"He would shove his finger in your face when he was talking to you," Allison said, repeatedly jabbing a cheek.

She recalled one night when he was drunk and angry. He head-butted her, leaving a gash by her left eye that required six stitches, she said.

Convicted in 2004

In 2004, Parrish was convicted of second-degree assault and false imprisonment in Baltimore County. All but three years of his eight-year sentence were suspended, said Marsha Russell, a Baltimore County assistant state's attorney. He also served three years of probation after his release.

In that case, Parrish's then-girlfriend told police that they were arguing in front of a friend's Reisterstown home when he picked her up and carried her "against her will" to her Ford Taurus, and had her drive them to another location to "work things out," according to Baltimore County court documents.

Another former girlfriend, who dated Parrish last year, filed charges against him in August and was granted a protective order. She also asked her name not be used to protect her family.

"In the beginning, he had my whole family convinced that he was just this great guy," she said. He would bring her roses and cards, she said, and come over for family cookouts.

"He was like Prince Charming," she said.

But then it all "withered away," she said. "You never knew what he was going to do."

In June, the former girlfriend said, the couple were cleaning the backyard when she got shocked by the lawnmower and bumped into Parrish. In response, she said, he threw the propane tank he was holding onto her foot, injuring her toe.

The woman in the latest case told police that Parrish pulled the ignition wires out of her Chevrolet Beretta while it was at the Finksburg house and also poured sugar into the fuel tank to prevent her from leaving, according to court documents.

A black Beretta was parked this week in the driveway of that house, which sits on a quiet single-lane road off Route 140. A small pond for birds was in the front yard and an American flag waved from a pole. Family members at the residence declined to comment on Parrish.

During the month and a half she spent mostly in a second-floor bedroom, the victim told authorities that Parrish abused her physically, "striking her head, face, arms, legs, back and chest area" and hit her in the face with a "large glass bottle," which caused "extensive bruising and abrasions to the victim's scalp and face," according to court documents and police. Parrish would shadow her every move, police said, not allowing her to speak for herself.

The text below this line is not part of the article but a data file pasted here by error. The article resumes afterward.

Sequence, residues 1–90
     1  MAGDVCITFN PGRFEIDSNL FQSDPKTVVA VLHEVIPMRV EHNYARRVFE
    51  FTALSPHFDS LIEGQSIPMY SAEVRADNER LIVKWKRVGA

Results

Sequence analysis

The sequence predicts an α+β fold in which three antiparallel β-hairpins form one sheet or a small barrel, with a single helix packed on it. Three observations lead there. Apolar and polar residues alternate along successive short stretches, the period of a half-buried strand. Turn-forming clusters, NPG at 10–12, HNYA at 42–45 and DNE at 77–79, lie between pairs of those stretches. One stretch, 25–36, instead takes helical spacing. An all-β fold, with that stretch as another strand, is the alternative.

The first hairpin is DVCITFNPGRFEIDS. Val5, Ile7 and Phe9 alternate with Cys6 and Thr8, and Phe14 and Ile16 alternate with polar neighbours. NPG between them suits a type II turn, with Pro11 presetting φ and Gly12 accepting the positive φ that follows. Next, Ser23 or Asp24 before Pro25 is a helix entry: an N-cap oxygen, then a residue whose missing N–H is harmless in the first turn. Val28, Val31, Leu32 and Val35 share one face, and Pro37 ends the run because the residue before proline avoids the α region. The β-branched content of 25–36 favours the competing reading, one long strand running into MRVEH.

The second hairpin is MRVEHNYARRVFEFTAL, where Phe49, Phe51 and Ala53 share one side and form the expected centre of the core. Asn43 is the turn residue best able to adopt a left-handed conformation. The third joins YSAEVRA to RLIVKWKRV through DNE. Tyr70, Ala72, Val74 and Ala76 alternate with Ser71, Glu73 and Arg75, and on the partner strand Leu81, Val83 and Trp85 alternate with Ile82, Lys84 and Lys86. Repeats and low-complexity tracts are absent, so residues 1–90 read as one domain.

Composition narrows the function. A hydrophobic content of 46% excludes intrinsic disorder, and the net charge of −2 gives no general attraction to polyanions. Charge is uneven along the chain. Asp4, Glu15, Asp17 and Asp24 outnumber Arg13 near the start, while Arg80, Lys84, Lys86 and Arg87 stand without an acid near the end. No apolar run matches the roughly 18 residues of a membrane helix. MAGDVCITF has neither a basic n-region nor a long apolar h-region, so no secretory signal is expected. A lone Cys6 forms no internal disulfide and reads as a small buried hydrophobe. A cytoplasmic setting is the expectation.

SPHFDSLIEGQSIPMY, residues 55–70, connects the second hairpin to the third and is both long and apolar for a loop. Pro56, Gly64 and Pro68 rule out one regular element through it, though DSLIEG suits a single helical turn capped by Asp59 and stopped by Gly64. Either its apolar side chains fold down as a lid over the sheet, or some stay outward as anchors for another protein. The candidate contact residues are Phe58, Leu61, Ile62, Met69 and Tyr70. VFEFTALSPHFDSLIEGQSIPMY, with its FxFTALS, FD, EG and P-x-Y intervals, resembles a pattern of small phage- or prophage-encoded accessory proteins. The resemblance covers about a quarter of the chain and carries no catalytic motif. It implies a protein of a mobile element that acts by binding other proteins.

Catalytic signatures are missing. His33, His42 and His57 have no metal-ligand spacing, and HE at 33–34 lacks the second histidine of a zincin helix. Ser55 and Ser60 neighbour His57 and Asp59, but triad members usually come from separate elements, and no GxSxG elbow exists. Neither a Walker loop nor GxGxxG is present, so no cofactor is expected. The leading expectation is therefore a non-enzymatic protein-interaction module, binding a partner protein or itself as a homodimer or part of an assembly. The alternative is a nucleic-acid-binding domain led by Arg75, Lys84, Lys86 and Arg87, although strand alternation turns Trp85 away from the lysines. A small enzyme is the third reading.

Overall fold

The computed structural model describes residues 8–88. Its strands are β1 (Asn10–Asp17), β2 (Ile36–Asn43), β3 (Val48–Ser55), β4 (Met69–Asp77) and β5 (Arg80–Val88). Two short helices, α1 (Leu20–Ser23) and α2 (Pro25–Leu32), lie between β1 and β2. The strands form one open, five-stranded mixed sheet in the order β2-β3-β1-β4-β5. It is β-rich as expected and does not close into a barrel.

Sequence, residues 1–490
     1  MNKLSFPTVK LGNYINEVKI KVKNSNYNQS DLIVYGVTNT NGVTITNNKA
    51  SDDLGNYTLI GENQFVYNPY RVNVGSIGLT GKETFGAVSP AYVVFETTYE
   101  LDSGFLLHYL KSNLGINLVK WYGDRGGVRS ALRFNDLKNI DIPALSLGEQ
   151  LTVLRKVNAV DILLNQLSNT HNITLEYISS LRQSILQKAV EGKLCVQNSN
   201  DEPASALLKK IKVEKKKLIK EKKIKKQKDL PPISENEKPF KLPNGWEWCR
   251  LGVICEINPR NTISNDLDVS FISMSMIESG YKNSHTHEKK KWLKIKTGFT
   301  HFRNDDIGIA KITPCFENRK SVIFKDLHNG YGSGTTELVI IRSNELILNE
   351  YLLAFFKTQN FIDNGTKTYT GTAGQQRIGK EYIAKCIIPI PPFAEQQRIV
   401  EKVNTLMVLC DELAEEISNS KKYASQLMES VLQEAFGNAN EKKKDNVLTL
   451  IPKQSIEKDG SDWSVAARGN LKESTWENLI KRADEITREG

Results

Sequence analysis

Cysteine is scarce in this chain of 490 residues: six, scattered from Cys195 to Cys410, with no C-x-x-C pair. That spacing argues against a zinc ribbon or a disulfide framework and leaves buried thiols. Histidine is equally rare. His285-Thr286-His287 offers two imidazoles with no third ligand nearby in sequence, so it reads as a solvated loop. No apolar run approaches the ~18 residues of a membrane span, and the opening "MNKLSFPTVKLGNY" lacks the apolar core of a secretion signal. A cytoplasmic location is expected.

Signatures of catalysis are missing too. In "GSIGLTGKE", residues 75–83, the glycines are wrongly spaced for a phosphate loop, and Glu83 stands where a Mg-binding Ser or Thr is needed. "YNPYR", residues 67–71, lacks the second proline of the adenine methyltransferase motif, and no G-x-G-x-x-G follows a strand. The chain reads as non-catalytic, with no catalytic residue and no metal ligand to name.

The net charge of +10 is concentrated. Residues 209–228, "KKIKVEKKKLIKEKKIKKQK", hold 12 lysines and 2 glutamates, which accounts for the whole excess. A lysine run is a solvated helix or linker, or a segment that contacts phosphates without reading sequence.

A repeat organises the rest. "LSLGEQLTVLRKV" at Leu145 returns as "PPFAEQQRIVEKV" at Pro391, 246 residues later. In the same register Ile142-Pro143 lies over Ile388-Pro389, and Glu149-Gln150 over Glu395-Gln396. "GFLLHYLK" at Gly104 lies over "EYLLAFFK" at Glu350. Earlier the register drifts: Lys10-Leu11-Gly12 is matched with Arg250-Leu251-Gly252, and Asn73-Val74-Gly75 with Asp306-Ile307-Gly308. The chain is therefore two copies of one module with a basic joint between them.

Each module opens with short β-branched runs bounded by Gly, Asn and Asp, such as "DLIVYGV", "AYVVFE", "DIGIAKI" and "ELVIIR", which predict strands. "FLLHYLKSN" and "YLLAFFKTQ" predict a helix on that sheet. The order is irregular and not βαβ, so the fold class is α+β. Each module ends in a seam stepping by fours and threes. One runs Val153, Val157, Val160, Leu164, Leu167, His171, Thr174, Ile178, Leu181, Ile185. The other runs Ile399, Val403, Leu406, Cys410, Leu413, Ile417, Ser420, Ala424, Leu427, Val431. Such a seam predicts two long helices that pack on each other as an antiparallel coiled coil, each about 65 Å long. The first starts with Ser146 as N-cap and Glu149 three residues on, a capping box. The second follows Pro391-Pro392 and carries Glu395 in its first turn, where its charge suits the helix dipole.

The exact details surrounding her escape Friday were unclear.

'Very unique'

Carroll County Deputy State's Attorney David Daggett said the facts of her case "are very unique."

"This is more torture," he said, referring to photographs that showed the victim's fresh bruises and faded bite marks, along with with a cigarette burn and tattoos scratched out with tattoo ink.

Allison and Parrish's former girlfriend said his frequent time in jail seemed to have become part of his life.

"He always says that when he's out, it's his vacation," said Allison. "When he's in, that's his home." He didn't know how to live any other way, she said she remembered him telling her.

"It's all he knows," his former girlfriend said. "He means well. He just doesn't know how to act in society."

The letter last year from his aunt made a similar observation.

"Tommy needs rehab, job training," she wrote. "He has never lived in a normal world."

Despite his violent actions toward them, the women who have clashed with him said they question the criminal justice system in all of this.

"This is four women now, and they keep letting him out," Allison said.

"The system has failed Tommy," said his former girlfriend, adding that she thought Parrish needed rehabilitation along with incarceration. "They didn't keep up with him, they didn't make him go to anger management like he was supposed to. ... They think putting him in jail is going to solve it."

arin.gencer@baltsun.com

Sun reporters Laura Barnhardt, Laura McCandlish and Julie Scharper contributed to this article.